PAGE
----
Noah was a righteous man, perfect in his generations (6:9)

Among our sages, there are those who interpret this as being in praise of Noah: If he was righteous in his generation, then certainly he would have been even more righteous if he would have been in a generation of righteous people. And there are those who interpret this as a condemnation: In relation to his generation he was righteous, but had he been in Abraham’s generation, he wouldn’t have been regarded as anything.


G‑d said to Noah: “The end of all flesh has come before Me, for the earth is filled with violence through them” (6:13)

Why was the generation of the Flood utterly destroyed, but not the generation of the Tower? Because the generation of the Flood were consumed by robbery and violence, while amongst the generation of the Tower, love prevailed.

(Midrash Rabbah)

G‑d said to Noah . . . “Make yourself an ark” (6:13–14)

G‑d has many ways to save someone; why did he make Noah toil to build the ark? In order that the people of his generation should see him occupied with the task for 120 years, and they should ask him, “Why are you doing this?” and he would tell them that G‑d is bringing a flood upon the world. Perhaps this would cause them to repent.

(Rashi; Midrash Tanchuma)

When G‑d said to Noah, “The end of all flesh has come before Me,” Noah said: “What will You do with me?” But he did not pray for mercy for the world, as Abraham would pray for the city of Sodom. . . . This is why the Flood is called “the waters of Noah” (Isaiah 54:9)—he is culpable for them, because he did not appeal for mercy on the world’s behalf.


Noah tried to save his generation by calling on them to repent. But the fact that he did not pray for them implies that, ultimately, it did not matter to him what became of them. Had he truly cared, he would not have sufficed with “doing his best,” but would have implored the Almighty to repeal His decree of destruction—just as a person whose own life is in danger would never say, “Well, I did my best to save myself” and leave it at that, but would beseech G‑d to help him.

In other words, Noah’s involvement with others was limited to his sense of what he ought to do for them, as opposed to a true concern for their wellbeing. He understood the necessity to act for the sake of another, recognizing that to fail to do so is a defect in one’s own character; but he fell short of transcending the self to care for others beyond the consideration of his own righteousness.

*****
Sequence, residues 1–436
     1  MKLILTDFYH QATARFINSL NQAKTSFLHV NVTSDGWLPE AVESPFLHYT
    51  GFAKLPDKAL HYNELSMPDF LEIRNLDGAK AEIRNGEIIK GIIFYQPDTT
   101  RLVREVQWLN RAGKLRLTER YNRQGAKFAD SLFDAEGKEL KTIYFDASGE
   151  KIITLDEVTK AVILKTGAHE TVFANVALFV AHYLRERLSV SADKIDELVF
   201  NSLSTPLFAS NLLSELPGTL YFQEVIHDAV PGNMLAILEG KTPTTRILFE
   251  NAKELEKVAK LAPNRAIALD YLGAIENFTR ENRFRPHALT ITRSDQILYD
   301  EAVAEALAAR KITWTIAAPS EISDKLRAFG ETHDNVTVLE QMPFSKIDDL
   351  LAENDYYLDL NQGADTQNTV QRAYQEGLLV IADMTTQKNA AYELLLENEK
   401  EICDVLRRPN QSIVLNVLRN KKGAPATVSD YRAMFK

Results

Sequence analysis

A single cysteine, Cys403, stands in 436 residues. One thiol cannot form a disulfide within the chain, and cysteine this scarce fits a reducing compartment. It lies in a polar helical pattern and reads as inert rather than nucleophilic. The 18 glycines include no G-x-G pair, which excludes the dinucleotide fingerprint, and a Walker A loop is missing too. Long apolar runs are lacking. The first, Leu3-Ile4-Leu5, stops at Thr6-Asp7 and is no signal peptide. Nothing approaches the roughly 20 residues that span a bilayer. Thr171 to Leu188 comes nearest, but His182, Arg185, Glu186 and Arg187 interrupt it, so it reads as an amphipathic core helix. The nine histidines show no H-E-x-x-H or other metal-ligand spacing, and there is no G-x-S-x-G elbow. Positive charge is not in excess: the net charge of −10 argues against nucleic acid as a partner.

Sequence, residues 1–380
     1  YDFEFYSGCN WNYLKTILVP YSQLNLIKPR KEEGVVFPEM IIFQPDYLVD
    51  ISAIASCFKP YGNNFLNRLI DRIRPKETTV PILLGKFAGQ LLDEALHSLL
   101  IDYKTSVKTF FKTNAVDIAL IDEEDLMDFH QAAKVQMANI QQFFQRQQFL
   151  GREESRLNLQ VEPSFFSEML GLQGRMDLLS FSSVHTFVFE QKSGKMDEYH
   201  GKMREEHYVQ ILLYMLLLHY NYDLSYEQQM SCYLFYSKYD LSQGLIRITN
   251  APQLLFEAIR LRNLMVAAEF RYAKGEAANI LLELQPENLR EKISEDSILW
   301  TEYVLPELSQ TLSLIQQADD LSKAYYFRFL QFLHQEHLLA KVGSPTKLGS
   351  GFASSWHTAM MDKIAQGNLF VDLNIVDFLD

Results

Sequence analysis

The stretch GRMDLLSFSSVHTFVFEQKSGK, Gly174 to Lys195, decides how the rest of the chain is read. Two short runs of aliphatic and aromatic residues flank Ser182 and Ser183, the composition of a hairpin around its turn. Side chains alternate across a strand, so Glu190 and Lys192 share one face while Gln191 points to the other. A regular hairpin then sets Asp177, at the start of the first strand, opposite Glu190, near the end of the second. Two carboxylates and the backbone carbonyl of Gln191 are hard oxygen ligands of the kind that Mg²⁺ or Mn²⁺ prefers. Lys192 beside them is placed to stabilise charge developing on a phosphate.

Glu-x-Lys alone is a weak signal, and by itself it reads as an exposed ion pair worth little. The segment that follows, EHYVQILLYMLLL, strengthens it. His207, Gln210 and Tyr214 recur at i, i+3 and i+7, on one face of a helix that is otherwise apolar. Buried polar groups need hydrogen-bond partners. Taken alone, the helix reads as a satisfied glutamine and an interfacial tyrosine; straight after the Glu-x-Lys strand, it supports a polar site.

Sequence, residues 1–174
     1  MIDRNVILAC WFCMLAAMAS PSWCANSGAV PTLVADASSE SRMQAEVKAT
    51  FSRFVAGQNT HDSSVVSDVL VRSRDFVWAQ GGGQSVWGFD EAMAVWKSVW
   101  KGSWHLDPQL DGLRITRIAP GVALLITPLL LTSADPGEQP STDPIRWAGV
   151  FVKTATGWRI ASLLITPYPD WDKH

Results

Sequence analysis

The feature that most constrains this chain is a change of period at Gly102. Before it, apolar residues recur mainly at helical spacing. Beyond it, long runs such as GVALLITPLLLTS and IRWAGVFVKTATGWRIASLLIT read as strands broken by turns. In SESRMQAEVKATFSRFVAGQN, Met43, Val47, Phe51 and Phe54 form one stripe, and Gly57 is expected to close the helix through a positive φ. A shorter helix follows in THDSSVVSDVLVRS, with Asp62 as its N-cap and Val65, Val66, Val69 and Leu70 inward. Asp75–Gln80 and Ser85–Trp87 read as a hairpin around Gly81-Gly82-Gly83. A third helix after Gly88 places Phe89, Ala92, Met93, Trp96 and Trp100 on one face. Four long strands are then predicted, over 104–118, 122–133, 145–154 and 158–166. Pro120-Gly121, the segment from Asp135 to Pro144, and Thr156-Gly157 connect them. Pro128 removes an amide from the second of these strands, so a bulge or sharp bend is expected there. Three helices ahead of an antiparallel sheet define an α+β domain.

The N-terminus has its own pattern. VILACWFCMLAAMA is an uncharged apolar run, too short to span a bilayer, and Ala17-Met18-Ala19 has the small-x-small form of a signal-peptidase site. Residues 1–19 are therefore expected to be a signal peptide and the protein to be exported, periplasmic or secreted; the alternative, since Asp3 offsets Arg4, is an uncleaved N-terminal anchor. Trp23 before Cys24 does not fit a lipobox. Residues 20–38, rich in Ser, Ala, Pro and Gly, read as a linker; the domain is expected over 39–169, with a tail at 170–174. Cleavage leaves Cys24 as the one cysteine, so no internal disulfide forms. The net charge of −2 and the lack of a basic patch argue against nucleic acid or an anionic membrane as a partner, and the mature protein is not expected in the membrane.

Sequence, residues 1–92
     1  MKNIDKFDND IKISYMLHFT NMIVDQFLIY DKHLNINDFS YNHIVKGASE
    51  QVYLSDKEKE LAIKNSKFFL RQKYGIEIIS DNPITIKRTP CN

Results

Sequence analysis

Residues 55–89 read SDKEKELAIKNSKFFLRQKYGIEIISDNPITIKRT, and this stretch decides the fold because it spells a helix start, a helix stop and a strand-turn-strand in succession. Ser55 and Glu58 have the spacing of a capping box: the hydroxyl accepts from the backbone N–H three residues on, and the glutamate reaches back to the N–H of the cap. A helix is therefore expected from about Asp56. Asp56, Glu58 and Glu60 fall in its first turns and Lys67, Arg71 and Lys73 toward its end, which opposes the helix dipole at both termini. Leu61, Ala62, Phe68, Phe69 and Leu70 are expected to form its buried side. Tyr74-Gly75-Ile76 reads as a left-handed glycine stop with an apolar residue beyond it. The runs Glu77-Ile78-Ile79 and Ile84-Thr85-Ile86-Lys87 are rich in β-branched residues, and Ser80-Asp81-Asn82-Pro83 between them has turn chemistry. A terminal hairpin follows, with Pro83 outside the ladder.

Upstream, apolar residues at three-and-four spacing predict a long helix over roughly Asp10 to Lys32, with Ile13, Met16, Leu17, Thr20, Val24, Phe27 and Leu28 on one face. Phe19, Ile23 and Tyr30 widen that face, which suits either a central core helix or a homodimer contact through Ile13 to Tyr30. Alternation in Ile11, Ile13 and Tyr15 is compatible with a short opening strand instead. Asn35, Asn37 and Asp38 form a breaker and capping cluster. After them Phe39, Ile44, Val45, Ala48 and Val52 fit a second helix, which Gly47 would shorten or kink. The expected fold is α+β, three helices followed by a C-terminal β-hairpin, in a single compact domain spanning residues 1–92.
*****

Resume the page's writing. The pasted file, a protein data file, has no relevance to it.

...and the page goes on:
This also explains a curious aspect of Noah’s efforts to reach out to his generation. When the Flood came, Noah and his family entered the ark—alone. His 120-year campaign yielded not a single baal teshuvah (repentant)! Perhaps public relations was never Noah’s strong point, but how are we to explain the fact that in all this time he failed to win over a single individual?

But in order to influence others, one’s motives must be pure; in the words of our sages, “Words that come from the heart enter the heart.” Deep down, a person will always sense whether you truly have his interests at heart, or you are filling a need of your own by seeking to change him. If your work to enlighten your fellow stems from a desire to “do the right thing” but without really caring about the result, your call will be met with scant response. The echo of personal motive, be it the most laudable of personal motives, will be sensed, if only subconsciously, by the object of your efforts, and will ultimately put him off.

(The Lubavitcher Rebbe)

G‑d said to Noah . . . “Come into the ark” (7:1)

The Hebrew word for “ark,” teivah, also means “word.” “Come into the word,” says G‑d; enter within the words of prayer and Torah study. Here you will find a sanctuary of wisdom, meaning and holiness amidst the raging floodwaters of life.

(Rabbi Israel Baal Shem Tov)

In the six-hundredth year of Noah’s life . . . all the fountains of the great deep broke open, and the windows of heaven were opened (7:11)

[This hints that] in the sixth century of the sixth millennium [from creation—1740–1840 in the secular calendar], the gates of supernal wisdom will be opened, as will the springs of earthly wisdom, preparing the world to be elevated in the seventh millennium.



The chronology of events, as indicated by the dates and time periods given in the Torah’s account and calculated by Rashi, is as follows:

Cheshvan 17: Noah enters ark; rains begin.

Kislev 27: Forty days of rain end; 150 days of water’s swelling and churning begin, during which the water reaches a height of 15 cubits above the mountain peaks.

Sivan 1: Water calms, and begins to subside at the rate of one cubit each four days.

Sivan 17: The bottom of the ark, submerged 11 cubits beneath the surface, touches down on the top of Mount Ararat.

Av 1: The mountain peaks break the water’s surface.